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    I agree that there is some promise here. This would be another way to store excess renewables. Batteries probably are not the solution for everything. Ocean crossing cargo boats,or using the e-diesel for home heating oil come to mind. How about a non grid connected Supercharger that could burn a liquid renewable to cover peak demand? Vegetable oils can fill this void to some extent, but take a lot more inputs and can compete with food.

    What if half of cars were EV and half were plug-in hybrids burning a partially renewable liquid fuel and partially renewable electricity? Not the zero-emission holy grail, but that would reduce transportation based carbon emissions something 60-70% (lot of factors here but seems like a fair number) and seems very attainable.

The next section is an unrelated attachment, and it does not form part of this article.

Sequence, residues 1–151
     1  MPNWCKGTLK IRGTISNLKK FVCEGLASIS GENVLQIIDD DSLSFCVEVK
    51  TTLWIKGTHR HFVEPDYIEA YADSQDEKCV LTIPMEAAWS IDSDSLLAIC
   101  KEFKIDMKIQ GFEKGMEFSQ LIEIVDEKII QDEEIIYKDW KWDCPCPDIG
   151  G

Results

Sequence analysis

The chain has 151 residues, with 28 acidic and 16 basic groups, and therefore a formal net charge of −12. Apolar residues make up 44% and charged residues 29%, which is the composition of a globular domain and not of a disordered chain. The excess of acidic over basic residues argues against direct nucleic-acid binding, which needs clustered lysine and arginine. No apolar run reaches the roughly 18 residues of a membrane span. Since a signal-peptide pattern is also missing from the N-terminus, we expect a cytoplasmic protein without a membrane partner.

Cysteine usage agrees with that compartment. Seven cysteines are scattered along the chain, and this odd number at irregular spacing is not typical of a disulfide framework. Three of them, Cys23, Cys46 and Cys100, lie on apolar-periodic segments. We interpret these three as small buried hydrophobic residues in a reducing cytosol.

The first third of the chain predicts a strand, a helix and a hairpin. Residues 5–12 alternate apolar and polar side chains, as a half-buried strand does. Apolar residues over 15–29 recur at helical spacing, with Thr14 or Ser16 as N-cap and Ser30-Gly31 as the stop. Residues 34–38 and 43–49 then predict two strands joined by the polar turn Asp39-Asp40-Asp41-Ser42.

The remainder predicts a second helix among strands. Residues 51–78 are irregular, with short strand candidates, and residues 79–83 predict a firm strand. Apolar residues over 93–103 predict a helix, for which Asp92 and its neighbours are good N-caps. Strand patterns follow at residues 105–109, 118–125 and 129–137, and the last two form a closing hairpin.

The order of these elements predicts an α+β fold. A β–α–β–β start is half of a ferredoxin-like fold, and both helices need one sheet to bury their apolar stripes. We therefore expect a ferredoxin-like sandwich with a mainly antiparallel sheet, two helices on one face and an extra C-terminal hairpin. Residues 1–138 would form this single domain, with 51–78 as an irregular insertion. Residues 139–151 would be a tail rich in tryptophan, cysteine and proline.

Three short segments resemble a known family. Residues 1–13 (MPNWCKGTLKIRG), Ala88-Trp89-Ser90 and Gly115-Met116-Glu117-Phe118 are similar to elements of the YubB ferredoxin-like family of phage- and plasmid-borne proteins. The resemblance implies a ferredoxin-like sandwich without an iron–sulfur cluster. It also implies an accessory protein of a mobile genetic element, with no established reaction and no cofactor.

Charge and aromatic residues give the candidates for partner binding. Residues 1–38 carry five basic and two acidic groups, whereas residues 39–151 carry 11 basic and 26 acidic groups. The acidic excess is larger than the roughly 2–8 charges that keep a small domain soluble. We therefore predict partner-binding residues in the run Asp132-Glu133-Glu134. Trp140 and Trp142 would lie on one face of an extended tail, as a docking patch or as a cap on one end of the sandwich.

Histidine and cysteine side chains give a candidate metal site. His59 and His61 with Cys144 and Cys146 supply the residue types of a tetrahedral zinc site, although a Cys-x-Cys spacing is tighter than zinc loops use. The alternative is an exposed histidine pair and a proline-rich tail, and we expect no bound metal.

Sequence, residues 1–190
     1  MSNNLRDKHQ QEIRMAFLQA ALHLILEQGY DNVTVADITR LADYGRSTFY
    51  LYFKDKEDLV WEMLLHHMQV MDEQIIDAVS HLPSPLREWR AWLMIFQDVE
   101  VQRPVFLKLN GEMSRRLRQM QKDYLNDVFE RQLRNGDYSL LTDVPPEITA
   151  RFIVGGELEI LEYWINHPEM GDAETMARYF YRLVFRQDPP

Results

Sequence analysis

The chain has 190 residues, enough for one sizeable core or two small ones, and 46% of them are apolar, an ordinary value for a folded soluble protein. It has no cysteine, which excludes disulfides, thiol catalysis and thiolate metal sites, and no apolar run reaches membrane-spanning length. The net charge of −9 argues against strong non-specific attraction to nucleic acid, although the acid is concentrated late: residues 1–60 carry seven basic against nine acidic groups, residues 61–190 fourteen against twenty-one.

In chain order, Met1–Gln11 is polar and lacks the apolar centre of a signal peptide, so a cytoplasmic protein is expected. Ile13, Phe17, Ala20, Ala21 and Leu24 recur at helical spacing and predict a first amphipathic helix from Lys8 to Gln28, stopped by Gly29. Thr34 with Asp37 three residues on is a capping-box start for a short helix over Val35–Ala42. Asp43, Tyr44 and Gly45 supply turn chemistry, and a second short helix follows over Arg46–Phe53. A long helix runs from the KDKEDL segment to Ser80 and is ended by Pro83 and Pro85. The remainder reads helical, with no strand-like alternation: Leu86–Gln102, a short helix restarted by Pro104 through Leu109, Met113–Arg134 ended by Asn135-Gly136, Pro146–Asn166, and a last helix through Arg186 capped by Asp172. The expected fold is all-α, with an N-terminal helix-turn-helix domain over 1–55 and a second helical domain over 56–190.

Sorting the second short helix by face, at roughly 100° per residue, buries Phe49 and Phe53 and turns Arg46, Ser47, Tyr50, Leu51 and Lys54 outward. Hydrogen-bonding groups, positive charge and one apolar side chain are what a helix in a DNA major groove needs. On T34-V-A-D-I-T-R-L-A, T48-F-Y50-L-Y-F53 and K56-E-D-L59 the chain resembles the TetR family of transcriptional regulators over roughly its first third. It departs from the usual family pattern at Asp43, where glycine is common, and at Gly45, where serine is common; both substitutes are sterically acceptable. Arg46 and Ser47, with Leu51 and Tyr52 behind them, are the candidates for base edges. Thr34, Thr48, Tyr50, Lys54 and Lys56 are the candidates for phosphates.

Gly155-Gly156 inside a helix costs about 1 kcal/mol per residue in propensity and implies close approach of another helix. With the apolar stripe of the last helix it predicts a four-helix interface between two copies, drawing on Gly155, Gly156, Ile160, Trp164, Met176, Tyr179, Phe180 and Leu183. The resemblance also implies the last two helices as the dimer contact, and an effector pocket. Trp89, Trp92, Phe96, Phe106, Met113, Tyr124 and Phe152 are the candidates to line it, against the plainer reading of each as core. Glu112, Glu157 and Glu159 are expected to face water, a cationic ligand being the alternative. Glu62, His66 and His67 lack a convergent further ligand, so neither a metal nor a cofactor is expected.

9. brianman

    brianman Burrito Founder

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    We have a winner. I'd love to see a "wild" supercharger (no grid available) powered by renewables.
     
  10. thegruf

    thegruf Member

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    Looks fantastically energy intensive to create this stuff.
    Trivial amounts of CO2 used up, so meaningless for climate change.

    What happens when you burn it?
    Still get soot particles + NOx?
    ie not Zero emissions.

    Diesel engines are losing their popularity with EU regulators especially in cities due to soot problems, and a little talked about issue is that petrol engine emission regulations are now forcing these to emit increasing soot too.

    Zero Emissions is one of the biggest plus points of BEVs
    The biggest -ves of BEVS is energy density and charge times, both of which are improving steadily